Indeed, a change in user behaviour seems to favor videos. The following insights draw on the Video Effects 2016 (Burda) study which, in turn, is based on a survey of the BurdaForward Panel (for the panel's socio-demographics cf.). The term "video" is interpreted in a broad sense including films and series. Accordingly, the study summarizes video sharing-websites, media archives and streaming services among the providers. Here are some of the results:
- The willingness to watch videos has increased from 66 % (2015) to 86 % (2016).
- 49 % watch videos every day (2015: 35 %).
- Videos are consumed most frequently at home (88 %).
- Only 3 % use videos at school, university or work.
- About 42 % watch videos up to 10 minutes in length.
- 70 % watch videos on their notebooks or laptops, 57 % on their smartphones.
- Heavy video users prefer to watch them on the smartphone.
So, videos have indeed become increasingly popular. The usage is intended for private rather than educational or professional purposes which may be due to the fact that the range of videos available for educational or professional purposes is simply not large enough. Furthermore, successful videos must work on mobile devices because they have outstripped stationary devices at home too.
What motivates video consumption?
Nearly eight out of ten respondents want to inform themselves by means of video and only every second person watches videos for entertainment. I would have seen the relationship the other way around.
|Reasons for video consumption|
In terms of content, music, news and movies lead the ranking:
Expanding the category "instructions (29 %)" further, the following picture emerges:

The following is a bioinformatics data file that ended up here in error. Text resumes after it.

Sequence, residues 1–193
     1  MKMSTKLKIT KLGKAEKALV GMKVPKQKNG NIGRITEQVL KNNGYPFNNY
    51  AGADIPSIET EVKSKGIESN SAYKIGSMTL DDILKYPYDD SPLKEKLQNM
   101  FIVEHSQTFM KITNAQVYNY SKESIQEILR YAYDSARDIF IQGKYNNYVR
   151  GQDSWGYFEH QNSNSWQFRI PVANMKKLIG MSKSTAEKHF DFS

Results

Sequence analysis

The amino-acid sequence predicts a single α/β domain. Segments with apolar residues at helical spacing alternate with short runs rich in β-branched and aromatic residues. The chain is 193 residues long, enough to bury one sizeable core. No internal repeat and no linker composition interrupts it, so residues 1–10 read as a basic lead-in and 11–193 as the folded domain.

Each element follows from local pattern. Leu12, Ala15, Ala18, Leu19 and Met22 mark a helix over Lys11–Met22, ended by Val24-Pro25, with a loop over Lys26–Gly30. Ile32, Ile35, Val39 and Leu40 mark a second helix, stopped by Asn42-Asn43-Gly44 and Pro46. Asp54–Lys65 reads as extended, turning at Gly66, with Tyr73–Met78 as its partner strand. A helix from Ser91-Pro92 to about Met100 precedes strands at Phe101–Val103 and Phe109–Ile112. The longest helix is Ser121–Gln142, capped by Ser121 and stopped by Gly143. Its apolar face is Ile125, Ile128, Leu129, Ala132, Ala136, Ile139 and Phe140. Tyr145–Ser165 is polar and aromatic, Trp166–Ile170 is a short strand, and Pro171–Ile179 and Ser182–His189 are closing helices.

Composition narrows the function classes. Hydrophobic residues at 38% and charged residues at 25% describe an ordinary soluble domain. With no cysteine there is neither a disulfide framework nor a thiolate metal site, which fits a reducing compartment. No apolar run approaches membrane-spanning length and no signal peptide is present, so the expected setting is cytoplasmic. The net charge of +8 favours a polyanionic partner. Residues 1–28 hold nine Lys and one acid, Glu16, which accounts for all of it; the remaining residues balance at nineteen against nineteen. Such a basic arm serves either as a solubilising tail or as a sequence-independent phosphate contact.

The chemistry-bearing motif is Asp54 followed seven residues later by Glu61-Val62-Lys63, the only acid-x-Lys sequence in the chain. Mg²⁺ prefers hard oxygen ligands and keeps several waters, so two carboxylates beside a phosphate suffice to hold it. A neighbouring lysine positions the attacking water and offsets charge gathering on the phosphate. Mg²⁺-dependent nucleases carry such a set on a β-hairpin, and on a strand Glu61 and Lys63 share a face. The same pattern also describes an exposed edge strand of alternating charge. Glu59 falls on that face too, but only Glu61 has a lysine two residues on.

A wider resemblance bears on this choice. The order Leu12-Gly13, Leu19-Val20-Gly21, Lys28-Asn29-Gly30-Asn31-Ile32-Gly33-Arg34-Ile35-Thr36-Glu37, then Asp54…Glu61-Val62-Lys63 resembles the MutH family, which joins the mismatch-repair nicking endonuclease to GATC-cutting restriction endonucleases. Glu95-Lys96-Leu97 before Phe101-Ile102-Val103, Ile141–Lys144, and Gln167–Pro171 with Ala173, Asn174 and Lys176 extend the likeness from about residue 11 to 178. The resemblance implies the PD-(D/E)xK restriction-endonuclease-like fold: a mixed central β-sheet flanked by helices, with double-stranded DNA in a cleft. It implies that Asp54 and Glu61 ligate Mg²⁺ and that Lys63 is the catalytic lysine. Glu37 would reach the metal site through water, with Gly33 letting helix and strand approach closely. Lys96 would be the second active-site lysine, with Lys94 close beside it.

A provisional conclusion can already be drawn here: Perhaps with the exception of computer/software tutorials, videos are mainly watched to see how things are done. Most probably, this how-to-approach also applies to computer hardware tutorials and software handling. What one doesn't find on the list is abstract information. And there's probably a reason for that: there's nothing to see.
Get to the point!
It depends on the length of the video whether it is watched until the end. 75 % stop a video if it is too long (2015: 47 %). Unfortunately, the study does not include data on when a video is too long. Another source  (and probably in the context of advertising videos) has these following numbers:
|Loss of viewers depending on video duration|
After 60 seconds, half the audience has gone! The diagram describes the decreasing marginal utility of each further second. Unfortunately, the source doesn't give more detailed information about these numbers. My hunch is that they are applicable to videos with less than 5 minutes in length and that different "laws" are applicable to series or movies (binge-watching!). But the direction is clear. The viewer decides during the first minute whether she/he feels informed, entertained or bored.
- Videos do the trick if there is really something to see. Do you read instruction booklets? Or do you like following the dots, numbers, and arrows in graphical setup instruction? Probably not. A video shows how it is done - if necessary, repeatedly. The viewer does not have to translate an abstract description into real-life sequences of action. Thus, the video has a relieving effect on cognitive load.
- What is true with texts is even more important for videos: Get to the point. A video is a grab bag for the viewer. She/he has to open it to see what's inside. A long but well-structured text, on the other hand, has a big advantage. It can be scanned to find the right place to get started. In principle, this is also possible with a video, e. g. with a transcription. But in this case, many viewers will stick to the text right away.
- Make sure that you get the viewer through the first minute. If you want to inform or instruct the viewer open the grab bag for her/him. If you want to entertain the viewer create the necessary suspense as soon as possible. Whenever possible tell an engaging story.
 Burda (2016) Video Effects (2016). Link
 Ruggiero, T. E. (2000). Uses and gratifications theory in the 21st century. Mass communication & society, 3(1), 3-37. Link
 Optimal video length on the Internet (2015?) Link